No. 21 Pittsburgh at Notre Dame, 7 p.m. ET, ESPN2: You already know the story here: Right now, Notre Dame shares two things with the aforementioned South Florida Bulls: a 6-8 Big East record and a fringe chance of making the NCAA tournament. How to remedy that? The Bulls have the better of the opportunities tonight, but Notre Dame has the more winnable. The only problem? Luke Harangody is expected to sit out again for the Irish, a knee injury that's come at the worst possible time for the perennially bubble-bound team.

Everywhere else: Both of these teams are already in the tournament, so they get shoved all the way down here to the flotsam, but tonight's best game is no doubt Oklahoma State at Texas, where Texas will experience life without Dogus Balbay for the first time ... There's also Texas A&M at Baylor, a match up of two very capable and tourney-ready Big 12 teams ... Dayton didn't fit up top, but it too needs a bubble win over Temple to make a late case for tournament inclusion ... UTEP will try to continue its conference dominance at Southern Miss ... Virginia Tech can't afford to lose to Boston College ... Florida State at North Carolina will be on your television whether you like it or not ... Xavier will go to St. Louis in tonight's other big A-10 match up ... And Clemson will play at Maryland as the Terps try to keep edging toward that elusive bracketology respect.

In defense of the Maryland Terrapins

February, 23, 2010
2/23/10
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We're getting to the point in the college basketball season when statistics mean more and more each week. This has to do with sample size -- most if not all teams have played 25-plus games, many of them against familiar conference foes, and you can garner much more meaningful data from all those possessions than you could in, say, early January. Which is why it might be time for college hoops' sundry bracketologists -- or, failing that, the NCAA tournament selection committee itself -- to take a harder look at Ken Pomeroy and John Gasaway's Maryland-related data and come to grips with the fact that Maryland is much, much better than most people think.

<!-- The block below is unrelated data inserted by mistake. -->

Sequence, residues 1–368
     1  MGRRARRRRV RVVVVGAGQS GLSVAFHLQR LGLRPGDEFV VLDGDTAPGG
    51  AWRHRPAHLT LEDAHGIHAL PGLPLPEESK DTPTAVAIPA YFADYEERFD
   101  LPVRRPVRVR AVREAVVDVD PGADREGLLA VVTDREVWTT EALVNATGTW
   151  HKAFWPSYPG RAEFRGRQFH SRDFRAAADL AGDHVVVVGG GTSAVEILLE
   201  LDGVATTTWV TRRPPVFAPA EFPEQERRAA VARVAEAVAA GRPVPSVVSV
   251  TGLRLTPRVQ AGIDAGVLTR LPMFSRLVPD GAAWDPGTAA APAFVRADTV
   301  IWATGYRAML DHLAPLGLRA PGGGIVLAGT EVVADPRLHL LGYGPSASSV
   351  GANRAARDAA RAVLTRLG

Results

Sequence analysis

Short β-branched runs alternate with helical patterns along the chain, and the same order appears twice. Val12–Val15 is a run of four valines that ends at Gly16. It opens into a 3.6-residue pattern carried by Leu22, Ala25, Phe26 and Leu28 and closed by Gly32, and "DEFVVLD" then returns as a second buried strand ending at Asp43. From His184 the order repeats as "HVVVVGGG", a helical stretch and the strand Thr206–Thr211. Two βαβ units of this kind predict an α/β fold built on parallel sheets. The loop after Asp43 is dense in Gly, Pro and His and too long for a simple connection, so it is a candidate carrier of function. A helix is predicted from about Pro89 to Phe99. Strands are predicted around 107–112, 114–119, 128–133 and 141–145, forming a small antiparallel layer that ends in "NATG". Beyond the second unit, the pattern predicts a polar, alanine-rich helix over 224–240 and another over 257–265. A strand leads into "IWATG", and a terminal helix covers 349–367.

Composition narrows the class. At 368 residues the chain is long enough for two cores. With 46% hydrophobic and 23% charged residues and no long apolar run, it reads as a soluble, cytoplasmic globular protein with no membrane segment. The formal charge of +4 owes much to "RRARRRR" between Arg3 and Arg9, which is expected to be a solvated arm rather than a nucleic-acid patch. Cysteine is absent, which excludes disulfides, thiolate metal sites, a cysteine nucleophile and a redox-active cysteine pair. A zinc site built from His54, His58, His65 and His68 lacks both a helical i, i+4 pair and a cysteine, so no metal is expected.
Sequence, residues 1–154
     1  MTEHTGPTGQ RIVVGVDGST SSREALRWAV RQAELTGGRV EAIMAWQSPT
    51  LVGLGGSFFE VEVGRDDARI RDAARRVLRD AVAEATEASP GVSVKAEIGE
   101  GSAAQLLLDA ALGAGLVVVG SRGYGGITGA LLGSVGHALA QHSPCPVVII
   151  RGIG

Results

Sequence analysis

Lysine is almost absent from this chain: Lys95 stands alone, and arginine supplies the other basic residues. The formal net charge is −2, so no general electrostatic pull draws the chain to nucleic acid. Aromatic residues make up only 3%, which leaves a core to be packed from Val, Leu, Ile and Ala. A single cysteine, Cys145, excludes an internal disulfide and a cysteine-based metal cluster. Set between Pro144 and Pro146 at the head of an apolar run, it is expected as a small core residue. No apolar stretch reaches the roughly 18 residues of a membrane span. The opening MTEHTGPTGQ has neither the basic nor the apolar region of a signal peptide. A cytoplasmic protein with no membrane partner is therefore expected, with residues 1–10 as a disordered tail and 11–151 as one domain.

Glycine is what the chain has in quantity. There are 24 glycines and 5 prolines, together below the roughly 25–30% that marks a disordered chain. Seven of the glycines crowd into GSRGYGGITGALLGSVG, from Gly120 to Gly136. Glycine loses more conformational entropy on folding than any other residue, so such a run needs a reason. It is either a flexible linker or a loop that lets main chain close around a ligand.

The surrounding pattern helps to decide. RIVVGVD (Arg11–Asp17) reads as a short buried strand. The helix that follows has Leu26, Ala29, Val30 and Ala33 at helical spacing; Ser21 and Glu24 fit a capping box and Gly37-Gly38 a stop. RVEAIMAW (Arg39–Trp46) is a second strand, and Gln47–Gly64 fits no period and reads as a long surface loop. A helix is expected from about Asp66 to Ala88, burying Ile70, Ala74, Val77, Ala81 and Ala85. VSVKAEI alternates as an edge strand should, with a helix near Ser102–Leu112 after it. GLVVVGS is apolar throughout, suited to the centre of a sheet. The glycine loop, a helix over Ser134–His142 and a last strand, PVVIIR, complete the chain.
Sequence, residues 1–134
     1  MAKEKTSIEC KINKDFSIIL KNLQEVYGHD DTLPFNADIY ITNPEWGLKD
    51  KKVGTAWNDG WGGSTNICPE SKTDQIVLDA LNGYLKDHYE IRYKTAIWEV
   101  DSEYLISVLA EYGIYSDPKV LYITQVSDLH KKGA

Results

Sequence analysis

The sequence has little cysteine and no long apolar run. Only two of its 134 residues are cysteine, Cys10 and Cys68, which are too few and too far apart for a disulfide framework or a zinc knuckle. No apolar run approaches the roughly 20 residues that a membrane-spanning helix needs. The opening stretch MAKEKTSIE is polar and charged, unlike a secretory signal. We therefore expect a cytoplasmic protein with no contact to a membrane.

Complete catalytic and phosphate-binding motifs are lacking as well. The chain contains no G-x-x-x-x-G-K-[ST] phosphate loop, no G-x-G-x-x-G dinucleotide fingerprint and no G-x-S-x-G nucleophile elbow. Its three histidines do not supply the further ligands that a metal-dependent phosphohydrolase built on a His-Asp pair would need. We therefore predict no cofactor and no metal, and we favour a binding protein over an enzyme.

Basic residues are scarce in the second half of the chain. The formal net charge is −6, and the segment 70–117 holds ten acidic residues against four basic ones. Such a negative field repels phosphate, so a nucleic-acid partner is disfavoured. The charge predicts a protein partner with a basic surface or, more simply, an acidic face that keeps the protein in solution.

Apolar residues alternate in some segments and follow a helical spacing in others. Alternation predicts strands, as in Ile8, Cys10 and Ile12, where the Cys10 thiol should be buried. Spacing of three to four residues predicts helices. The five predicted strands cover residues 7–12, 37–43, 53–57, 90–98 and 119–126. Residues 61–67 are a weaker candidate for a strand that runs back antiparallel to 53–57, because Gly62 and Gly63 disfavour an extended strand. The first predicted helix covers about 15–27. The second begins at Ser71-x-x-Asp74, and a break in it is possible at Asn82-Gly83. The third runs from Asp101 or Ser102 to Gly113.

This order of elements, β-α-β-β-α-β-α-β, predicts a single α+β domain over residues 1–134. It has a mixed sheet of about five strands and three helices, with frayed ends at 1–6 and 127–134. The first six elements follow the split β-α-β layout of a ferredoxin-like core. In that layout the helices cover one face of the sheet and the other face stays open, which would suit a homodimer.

Why the divide? It depends on what you value. If you're an RPI guy, you might see Maryland as still having work to do. The Terps have hovered in the 30s and 40s for most of the season, and their 3-6 record against the RPI top 50 isn't the most impressive. (A likewise RPI-minded fellow could counter that the Terps have had zero losses to sub-100 RPI teams, and only one to a team in that 50-100 range [Cincinnati], but let's not get too bogged down here.)

If you value tempo-free statistics, though -- and plenty of enlightened basketball folk would tell you that tempo-free is a much better way of looking at what a team actually does when they're on the floor than the oft-maligned RPI -- Maryland looks less like a bubble team and more like, oh, I don't know, a four seed? The Terps are No. 12 in Pomeroy's adjusted efficiency rankings. They have the No. 15 offense in the country. They hold opponents to a 42 percent effective field goal percentage, good for fifth in the country. And they outscore ACC opponents by a tenth of a point per trip, an impressive mark even if you want to call the ACC "down." As John Gasaway wrote today: